The Commonwealth of Nations is a collection of 53 member states including developed, developing, and emerging countries. Because it is the successor organisation to the British Empire, all habitable continents are represented in the Commonwealth, as are all races, and religions. But despite the Commonwealth’s very great diversity, English is its lingua franca, and most of its legal systems are based on English Common Law.
Though its reason for existence may be unclear to many people, the two last facts might have amounted to a case for strengthening Commonwealth ties, and perhaps even for free trade amongst Commonwealth countries. But surprisingly, the case for Commonwealth free trade has been made only very recently in a pamphlet entitled CommonTrade, CommonGrowth, CommonWealth by Tim Hewish and James Styles, two parliamentary researchers at Westminster, U.K.
In response The Economist pointed out many of the problems attached to transforming the Commonwealth into a trading bloc. Notably, any attempt at reform of the Commonwealth by its leading members (Australia, Canada, and New Zealand) is likely to be construed by some as a form of neo-colonialism. But the Commonwealth arguably suffers most from widespread ignorance: in a recent poll, for example, half of all Canadians surveyed could not name even one of its functions.
So Canadians should know that 2012 may well be remembered as a banner year for the Commonwealth interaction and cooperation. Some of the more recent developments include the Canadian and British agreement to share embassies, and some of the final steps towards an Indian-Canadian free trade deal. Also, it is not common knowledge in Canada that the United Kingdom Borders Bill had its first reading on 11 July in Westminster. This bill allows, amongst other things, ”subjects of Her Majesty’s realms to enter the United Kingdom through a dedicated channel at international terminals.” This would make travel between Canada and Great Britain significantly easier, and may foreshadow the strengthening of other ties also.
The news of 26 November attracted much more attention in Canada. George Osborne (British Chancellor of the Exchequer) announced the appointment of Mark Carney as Governor of the Bank of England. Many Canadians may be surprised at Mr Carney’s heartening welcome to his post. It was pointed out in the British House of Commons that, as a Canadian, Mr Carney is a subject of Her Majesty the Queen, and the response was a loud chorus of approval. Canadian fiscal prudence and discipline is respected at the highest levels of government in the UK, and Mr Carney’s appointment is emblematic of our transformation from junior partner to equal with Great Britain.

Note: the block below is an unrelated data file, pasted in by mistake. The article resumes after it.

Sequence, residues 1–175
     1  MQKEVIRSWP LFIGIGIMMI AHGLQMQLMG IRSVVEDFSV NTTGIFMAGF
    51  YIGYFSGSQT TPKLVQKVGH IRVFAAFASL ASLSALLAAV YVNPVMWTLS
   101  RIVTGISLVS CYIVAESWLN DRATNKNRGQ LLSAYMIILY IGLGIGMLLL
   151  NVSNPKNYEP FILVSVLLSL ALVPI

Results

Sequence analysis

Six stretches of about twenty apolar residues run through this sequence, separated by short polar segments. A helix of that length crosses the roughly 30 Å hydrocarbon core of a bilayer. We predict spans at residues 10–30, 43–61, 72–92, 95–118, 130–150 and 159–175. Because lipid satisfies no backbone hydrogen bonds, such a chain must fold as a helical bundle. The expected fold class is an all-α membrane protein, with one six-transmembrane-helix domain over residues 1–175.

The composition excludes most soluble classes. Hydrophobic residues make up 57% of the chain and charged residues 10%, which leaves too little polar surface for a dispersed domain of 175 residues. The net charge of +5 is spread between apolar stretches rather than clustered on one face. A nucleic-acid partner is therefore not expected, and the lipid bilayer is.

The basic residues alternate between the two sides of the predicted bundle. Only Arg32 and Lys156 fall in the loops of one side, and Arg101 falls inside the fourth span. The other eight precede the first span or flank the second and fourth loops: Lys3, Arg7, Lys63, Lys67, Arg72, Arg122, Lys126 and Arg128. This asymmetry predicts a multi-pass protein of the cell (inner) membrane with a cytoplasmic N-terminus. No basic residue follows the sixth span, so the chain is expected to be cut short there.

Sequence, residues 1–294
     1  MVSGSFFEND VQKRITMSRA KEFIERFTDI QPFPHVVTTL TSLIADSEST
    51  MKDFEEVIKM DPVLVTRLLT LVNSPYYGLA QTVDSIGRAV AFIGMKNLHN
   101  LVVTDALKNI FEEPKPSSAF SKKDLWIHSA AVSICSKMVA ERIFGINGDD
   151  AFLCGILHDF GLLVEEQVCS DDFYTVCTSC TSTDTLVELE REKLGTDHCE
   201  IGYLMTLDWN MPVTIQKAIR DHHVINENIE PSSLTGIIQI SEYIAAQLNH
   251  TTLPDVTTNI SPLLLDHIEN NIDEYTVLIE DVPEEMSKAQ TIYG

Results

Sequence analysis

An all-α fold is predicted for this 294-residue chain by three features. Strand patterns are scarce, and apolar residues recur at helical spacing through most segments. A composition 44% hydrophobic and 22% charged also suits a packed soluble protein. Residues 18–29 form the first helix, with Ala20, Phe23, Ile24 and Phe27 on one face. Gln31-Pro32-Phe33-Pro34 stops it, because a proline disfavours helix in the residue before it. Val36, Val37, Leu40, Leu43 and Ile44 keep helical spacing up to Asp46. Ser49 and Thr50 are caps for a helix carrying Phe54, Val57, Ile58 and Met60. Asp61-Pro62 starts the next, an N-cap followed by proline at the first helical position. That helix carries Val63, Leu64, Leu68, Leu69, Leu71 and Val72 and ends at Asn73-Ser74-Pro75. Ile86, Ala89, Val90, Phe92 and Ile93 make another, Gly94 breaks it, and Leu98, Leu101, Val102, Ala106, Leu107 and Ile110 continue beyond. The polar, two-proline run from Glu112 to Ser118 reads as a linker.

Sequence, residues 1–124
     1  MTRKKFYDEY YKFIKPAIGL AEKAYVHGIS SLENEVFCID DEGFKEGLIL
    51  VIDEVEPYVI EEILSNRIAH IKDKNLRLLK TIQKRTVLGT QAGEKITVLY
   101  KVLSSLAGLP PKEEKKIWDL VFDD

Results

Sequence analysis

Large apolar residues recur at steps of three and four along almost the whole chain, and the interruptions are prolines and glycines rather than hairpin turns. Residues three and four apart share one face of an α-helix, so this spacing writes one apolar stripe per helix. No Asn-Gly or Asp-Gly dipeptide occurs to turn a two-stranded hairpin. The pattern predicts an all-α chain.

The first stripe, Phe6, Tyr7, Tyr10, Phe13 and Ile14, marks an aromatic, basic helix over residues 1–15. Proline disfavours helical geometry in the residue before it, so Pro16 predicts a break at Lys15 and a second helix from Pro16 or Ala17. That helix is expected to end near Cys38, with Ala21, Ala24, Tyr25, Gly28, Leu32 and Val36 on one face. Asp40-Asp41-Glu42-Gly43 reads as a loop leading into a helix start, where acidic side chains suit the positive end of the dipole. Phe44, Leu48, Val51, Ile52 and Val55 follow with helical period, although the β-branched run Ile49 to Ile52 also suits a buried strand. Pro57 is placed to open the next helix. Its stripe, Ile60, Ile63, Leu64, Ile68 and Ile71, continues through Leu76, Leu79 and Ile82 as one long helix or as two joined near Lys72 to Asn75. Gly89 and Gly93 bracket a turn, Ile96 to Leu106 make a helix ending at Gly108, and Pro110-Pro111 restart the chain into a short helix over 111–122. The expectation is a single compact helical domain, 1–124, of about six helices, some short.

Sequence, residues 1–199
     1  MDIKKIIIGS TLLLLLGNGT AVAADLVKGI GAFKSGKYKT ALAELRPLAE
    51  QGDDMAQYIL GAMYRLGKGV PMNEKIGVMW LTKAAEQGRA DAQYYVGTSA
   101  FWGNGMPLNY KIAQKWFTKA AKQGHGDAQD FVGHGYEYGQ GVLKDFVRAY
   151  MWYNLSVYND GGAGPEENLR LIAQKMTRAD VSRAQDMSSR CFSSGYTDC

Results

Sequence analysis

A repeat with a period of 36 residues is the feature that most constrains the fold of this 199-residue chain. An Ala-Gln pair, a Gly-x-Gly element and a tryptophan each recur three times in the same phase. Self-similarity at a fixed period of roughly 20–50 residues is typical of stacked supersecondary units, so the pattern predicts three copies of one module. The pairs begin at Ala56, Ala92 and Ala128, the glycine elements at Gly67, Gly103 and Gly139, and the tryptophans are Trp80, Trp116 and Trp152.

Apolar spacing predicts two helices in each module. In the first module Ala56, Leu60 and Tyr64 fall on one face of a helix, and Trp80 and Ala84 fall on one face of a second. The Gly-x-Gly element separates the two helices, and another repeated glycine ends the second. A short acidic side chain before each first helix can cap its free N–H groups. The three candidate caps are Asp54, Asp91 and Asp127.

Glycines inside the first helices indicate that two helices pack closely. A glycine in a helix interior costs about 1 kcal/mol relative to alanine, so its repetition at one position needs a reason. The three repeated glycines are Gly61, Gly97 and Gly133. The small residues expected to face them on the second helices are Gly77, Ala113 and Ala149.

Finally, on 12 December, British MP Andrew Rosindell made the case for Commonwealth trade in Westminster. Many of the recommendations in the pamphlet CommonTrade, CommonGrowth, CommonWealth were then debated. The debate began with the astonishing declaration that the English-speaking world is “the most powerful collection of nations on earth today,” and that the Commonwealth was the best-placed organisation to develop their potential.
And their potential is indeed great. Combined Commonwealth GDP stands at $8.4 trillion and projected annual total growth is 3.7%. In African and Asian Commonwealth countries, growth is even higher at 5.0% and 6.5% respectively. The size of the work force in Commonwealth countries is forecast to increase by 60% by the year 2050. Commonwealth countries consistently rank high (much higher than European countries) on measures such as the Fraser Institute’s Indexes of Freedom, the Corruption Perception Index, and the World Bank’s Ease of Doing Business rankings. I have written about these advantages here before.
So what should Canada do about this? It is too soon to tell what will come of the Commonwealth trade debate in Westminster. But the important thing is that it is now underway, and it is long overdue. We need to have the same conversation in Ottawa. The merits of Commonwealth trade and closer relationships amongst its members should now be discussed widely in Canada. Apart from petitioning MPs, Canadians can begin by writing to Senator Hugh Segal, Canada’s Special Envoy to the Commonwealth — a position so far unique to Canada.
In an increasingly uncertain and multipolar 21st century, it is in the Commonwealth that Canada may find its greatest allies and trading partners. Let’s make 2012 the year that the Commonwealth took the first steps towards much closer cooperation.